St Mary's Church, Claxby

The picture shows St Mary's Church in winter
St Mary's Church

The chancel was built around 1310 and the windows at the top of the nave were added later, probably in the 15th century. By the mid 1800s the church had become quite run down, but was thoroughly restored in 1870 by John Fowler of Louth. He demolished the old tower and built a new one, adding new windows in the chancel, a new door and roof. What you see today is more or less how it looked when completed in 1871.

As we enter the church through the Victorian porch, we see a late medieval inner doorway, rebuilt here when the south aisle was constructed. Originally the walls of the nave would have been covered with Victorian wall paintings, but all that is left are those on the chancel arch, showing the four evangelists. The font and pulpit are Victorian.

The south aisle contains a memorial to the Claxby boys who lost their lives in the second world war, and also gives thanks to those who served and returned. Moving into the chancel through the Victorian screen which spans the 13th century arch, you will see two heads to the right and left. One sticks his tongue out while his raised arms hold the arch, while the other distorts his mouth with both hands. The pillars have vertical raised stripes, a motif made popular by the Lincoln cathedral masons. The fittings of the chancel are Victorian, including the stained glass and the elaborate reredos behind the altar.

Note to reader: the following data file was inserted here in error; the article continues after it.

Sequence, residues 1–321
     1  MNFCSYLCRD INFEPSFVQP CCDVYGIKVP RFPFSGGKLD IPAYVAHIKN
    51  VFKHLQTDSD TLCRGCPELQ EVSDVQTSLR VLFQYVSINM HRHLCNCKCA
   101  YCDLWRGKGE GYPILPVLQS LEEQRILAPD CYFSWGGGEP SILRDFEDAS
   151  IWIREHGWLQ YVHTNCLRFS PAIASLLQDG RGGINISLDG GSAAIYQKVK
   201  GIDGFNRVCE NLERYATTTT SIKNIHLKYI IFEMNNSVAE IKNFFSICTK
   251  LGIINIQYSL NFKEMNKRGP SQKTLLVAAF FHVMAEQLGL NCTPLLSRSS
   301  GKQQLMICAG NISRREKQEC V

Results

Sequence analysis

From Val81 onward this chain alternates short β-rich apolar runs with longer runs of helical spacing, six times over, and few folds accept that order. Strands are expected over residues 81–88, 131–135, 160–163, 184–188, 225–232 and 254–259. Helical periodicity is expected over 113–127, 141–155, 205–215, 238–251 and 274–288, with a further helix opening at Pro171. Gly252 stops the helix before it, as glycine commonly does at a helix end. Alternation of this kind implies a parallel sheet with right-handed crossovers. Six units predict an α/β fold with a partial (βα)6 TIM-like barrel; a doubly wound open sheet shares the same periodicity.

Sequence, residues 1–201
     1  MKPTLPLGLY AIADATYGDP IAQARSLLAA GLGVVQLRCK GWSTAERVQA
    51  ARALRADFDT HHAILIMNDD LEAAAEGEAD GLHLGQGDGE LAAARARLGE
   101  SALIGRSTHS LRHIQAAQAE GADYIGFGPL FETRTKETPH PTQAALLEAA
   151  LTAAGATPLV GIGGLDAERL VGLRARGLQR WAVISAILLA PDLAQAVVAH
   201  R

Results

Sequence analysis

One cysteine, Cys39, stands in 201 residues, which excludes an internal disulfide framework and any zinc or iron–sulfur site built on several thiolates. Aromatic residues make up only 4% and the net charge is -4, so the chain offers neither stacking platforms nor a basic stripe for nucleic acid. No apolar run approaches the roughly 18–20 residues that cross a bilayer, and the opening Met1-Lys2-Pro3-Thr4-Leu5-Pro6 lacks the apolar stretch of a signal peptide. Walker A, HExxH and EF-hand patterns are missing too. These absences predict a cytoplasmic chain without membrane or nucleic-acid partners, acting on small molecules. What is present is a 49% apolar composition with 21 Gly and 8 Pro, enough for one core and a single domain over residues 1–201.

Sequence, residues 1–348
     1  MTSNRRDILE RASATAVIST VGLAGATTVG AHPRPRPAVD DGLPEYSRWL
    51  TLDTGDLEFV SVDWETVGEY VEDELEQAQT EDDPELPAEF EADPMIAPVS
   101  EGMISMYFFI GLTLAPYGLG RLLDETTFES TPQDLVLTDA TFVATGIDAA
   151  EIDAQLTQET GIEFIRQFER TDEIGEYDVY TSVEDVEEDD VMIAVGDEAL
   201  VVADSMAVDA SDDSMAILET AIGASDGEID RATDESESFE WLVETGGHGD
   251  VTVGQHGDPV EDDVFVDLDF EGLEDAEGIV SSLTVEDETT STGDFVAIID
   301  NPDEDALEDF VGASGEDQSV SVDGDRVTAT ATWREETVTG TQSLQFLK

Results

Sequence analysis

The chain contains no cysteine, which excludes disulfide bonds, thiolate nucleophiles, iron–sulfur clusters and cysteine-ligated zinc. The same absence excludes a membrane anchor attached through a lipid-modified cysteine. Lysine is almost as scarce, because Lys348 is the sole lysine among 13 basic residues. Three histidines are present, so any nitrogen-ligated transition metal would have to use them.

The large memorial on the south wall is a Jacobean monument to John Witherwick. (Originally it would have been richly coloured). On the opposite side is the 13th century “founders tomb” – this may be Sir Thomas Brayboeuf who died at the time the chancel was built.

Leaving the chancel by the north aisle, note the 13th century octagonal pillars and chamfered arches and the stones on which the original roof timbers rested.

The large Victorian oil painting is one of a series of seven painted in medieval style for St. Paul’s church, Burton on Trent. These paintings were obtained as a job lot when St Paul’s was demolished in the 1970s and distributed around local churches. Others can be seen in Normanby, Stainton le Vale and South Kelsey.

The stained glass window in the tower was inserted in 1976 to commemorate a local man, George Ogg, and it includes references to all his interests: farming, bell ringing, cars, and the letters he carried as a postman.

On the west wall to the right of the tower there is a continuous list of rectors of Claxby from 1249 and Rectors of the combined parishes of Claxby and Normany le Wold from 1740.